20-min soaking with gentamycin sulphate for both groups prior to replantation and then the use of hyperbaric oxygen daily
in the experimental group for 80 min for the first 10 days. They reported a strong benefit at 12 months (43% periodontal
healing versus 88% for the experimental group). There was no formal reporting of adverse events.

Conclusions The available evidence suggests that extra-oral endodontic treatment is not detrimental for teeth replanted
after more than 60 min dry time. Studies with moderate/ high risk of bias indicate that soaking in thymosin alpha 1 and
gentamycin sulphate followed by hyperbaric oxygen may be advantageous but these strategies have not previously been
reported as interventions for avulsed teeth and await further validation. More evidence with low risk of bias is required
and, with the low incidence of avulsed teeth, collaborative multicentre trials are indicated.


Summary Review/Paediatric Dentistry
Evidence-Based Dentistry (2010) 11, 16-17. doi:10.1038/sj.ebd.6400718

Treatment of ankylosed permanent teeth
Question: In people who have ankylosed permanent anterior teeth, what treatment options are effective?
Address for correspondence: Luisa Fernandez Mauleffinch, Review Group Co-ordinator, Cochrane Oral Health Group, MANDEC,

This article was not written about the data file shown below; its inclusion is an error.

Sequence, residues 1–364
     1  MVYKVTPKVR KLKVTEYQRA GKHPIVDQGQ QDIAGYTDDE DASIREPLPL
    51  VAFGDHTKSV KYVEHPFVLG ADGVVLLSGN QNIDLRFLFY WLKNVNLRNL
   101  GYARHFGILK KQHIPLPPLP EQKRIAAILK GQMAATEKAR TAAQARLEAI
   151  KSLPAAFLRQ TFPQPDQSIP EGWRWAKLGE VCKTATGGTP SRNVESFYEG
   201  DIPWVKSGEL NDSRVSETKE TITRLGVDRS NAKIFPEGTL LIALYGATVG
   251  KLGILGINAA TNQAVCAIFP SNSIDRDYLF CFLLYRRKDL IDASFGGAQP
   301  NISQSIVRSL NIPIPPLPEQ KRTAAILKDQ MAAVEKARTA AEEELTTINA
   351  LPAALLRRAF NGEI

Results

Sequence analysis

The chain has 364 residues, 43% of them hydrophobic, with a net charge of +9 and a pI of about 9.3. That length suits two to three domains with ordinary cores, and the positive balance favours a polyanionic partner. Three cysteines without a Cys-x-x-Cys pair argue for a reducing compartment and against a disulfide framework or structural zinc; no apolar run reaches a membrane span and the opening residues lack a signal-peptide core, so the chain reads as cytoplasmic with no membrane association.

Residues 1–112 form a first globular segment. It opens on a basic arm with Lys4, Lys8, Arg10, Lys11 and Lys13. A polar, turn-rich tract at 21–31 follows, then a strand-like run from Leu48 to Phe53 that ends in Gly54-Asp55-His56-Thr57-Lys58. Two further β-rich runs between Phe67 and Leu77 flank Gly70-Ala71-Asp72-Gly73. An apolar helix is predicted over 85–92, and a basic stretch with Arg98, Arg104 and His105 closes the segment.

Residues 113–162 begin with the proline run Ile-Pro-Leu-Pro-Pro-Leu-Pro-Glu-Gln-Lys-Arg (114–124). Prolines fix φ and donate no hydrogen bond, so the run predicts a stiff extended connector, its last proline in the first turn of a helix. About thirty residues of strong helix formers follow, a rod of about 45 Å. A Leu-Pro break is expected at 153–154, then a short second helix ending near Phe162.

School of Dentistry, University of Manchester, Higher Cambridge Street, Manchester M15 6FH,UK.
E-mail: luisa.fernandez@manchester.ac.uk

Nicky Stanford1

1Glasgow Dental School and Hospital, University of Glasgow, Glasgow, Scotland, UK

de Souza RF, Travess H, Newton T, Marchesan MA. Interventions for treating traumatised ankylosed permanent front teeth.
Cochrane Database Syst Rev 2010; issue 1

Data Sources The Cochrane Oral Health Group Trials Register, Cochrane Central Register of Controlled Trials (CENTRAL),
Medline, Embase and LILACS . There were no language restrictions.

Study selection Randomised controlled trials (RCT) were considered that compared any intervention for treating displaced
ankylosed permanent front teeth in individuals of any age.

Data extraction and synthesis Two independent review authors screened studies in duplicate. Although no studies were
ultimately included, the authors had planned to extract data independently and to assess risk of bias following Cochrane
Collaboration methods.

Results The search retrieved 77 references to studies. None matched the inclusion criteria and therefore were excluded.

Conclusions There is no evidence from RCT about the comparative effectiveness of the different treatment options for
ankylosed permanent front teeth. The lack of high-level evidence for the management of this health problem emphasises
the need for well-designed clinical trials.

Summary Trail/Caries
Evidence-Based Dentistry (2010) 11, 45-46. doi:10.1038/sj.ebd.6400719

Enamel matrix derivative for direct pulp capping
Question: Is enamel matrix derivative as effective as calcium hydroxide for direct pulp capping of primary molars?